Catholic Culture Trusted Commentary
Catholic Culture Trusted Commentary

in the big leagues

By Diogenes ( articles ) | Dec 16, 2009

The Catholic Theological Society of America, which reflects the mainstream professional theological academy in the U.S., has been the arena of dispute in recent weeks over the doctrinal reliability of its outgoing president. The controversy makes discouraging reading, not least because trade-union academics reject a priori the duty of submission to a living doctrinal authority, which means their "dialogue" operates like a table vise missing one jaw: there's no possibility of engagement. And yet they declare victory by walkover.

Now if contemporary academic theologians had amassed the brainpower and originality of the physicists of the early 20th century -- Heisenberg, Bohr, Pauli, Fano, Einstein, Teller, etc. -- there might be some excuse for their cockiness. But what strikes the outsider is the dimness of the CTSA inner gang: their derivative buzzwords, their touchiness, their toleration of the bogus, and most of all their aggregate infecundity. What product of post-conciliar theology has had ripple effects across academic boundaries? Where's their answer to Wittgenstein's Tractatus or Gödel's Undecidable Propositions, or even the work of Mary Douglas?

The trade union theologians are not to be faulted for their dimness -- creativity is not at one's command -- they're to be faulted for their swagger. To hear them talk about themselves you'd think there was a Second Law of Thermodynamics debuted in every issue of Concilium, that by retiring Roger Haight the Vatican was burning Galileo at the stake. Yet for those of us listening in from the kitchen it's hard to believe they even treat one another's ideas seriously. Take a gander at the ideation of Sr. Elizabeth Johnson, C.S.J., herself a former president of the CTSA. The interview, titled (without conscious irony) "A Hunger for Mature Theology," appeared last year in the NCR:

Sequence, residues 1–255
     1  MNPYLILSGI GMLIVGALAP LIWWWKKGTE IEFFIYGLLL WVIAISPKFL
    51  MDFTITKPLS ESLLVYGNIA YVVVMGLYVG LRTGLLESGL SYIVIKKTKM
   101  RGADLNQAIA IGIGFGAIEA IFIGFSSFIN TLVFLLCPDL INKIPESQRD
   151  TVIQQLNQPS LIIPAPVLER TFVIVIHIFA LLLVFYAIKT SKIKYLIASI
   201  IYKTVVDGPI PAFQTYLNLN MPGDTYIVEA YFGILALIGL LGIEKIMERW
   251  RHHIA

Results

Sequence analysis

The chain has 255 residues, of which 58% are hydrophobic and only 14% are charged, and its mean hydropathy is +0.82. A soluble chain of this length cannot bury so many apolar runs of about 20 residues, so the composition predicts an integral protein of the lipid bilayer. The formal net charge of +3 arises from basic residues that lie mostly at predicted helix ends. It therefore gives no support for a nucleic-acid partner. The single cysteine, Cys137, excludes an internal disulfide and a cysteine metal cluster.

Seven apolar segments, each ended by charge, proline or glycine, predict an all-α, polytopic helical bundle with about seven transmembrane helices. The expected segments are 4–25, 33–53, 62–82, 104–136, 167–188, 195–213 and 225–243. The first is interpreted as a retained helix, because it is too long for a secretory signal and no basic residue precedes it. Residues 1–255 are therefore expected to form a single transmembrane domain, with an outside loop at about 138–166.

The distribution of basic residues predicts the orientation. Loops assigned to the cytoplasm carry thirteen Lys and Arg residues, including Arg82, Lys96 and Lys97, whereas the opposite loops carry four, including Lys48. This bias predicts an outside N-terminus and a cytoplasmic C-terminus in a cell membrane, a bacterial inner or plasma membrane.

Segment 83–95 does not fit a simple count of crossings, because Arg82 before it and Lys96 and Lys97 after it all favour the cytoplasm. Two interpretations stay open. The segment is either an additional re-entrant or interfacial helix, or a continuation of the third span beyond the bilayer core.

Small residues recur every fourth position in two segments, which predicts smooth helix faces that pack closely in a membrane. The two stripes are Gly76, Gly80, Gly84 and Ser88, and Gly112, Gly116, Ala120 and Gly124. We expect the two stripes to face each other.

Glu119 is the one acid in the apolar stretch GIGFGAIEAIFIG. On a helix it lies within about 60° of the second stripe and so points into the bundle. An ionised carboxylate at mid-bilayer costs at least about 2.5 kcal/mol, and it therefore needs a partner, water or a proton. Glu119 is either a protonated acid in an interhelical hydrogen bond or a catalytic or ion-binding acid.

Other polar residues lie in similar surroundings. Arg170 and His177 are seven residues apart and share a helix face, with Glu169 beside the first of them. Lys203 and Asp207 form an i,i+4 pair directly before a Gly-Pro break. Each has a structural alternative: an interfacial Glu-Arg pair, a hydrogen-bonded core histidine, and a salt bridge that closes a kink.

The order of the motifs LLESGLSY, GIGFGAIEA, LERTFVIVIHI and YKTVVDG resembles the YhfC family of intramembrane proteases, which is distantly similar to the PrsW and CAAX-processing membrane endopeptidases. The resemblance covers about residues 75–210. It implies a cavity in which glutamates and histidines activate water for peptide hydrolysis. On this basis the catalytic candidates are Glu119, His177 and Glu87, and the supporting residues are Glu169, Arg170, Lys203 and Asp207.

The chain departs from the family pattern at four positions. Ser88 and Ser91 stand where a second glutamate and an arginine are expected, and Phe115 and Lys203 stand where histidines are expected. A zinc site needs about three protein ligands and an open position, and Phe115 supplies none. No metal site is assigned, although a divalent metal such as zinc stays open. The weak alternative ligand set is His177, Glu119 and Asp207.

“I would not be at all adverse if we simply dropped the word Trinity altogether,” [Johnson] said in a telephone interview recently. “I say that because when you say Trinity to people, their eyes glaze over. In a simple way, people get the imagination of three people or three separate persons, or ‘two men and a bird,’ as Sandra Schneiders puts it. I prefer ‘Triune God.’ It’s still one God, but a living God -- Creator, Jesus and Spirit.”

Can't you picture those Cappadocian Fathers, gathered in solemn assembly, slapping their palms to their foreheads in chagrin? “Triune! Of course! Good heavens, why didn’t WE think of that?”

OK, so Johnson is a joke theologian. Nothing wrong with that. What's troubling is that no one in the guild gets the joke: the guild seems incapable of segregating its Cold Fusion hoaxers from its able journeymen. What are we onlookers and amateurs meant to understand: that the pros don't see the problem, or that some other consideration is more important than the fix?

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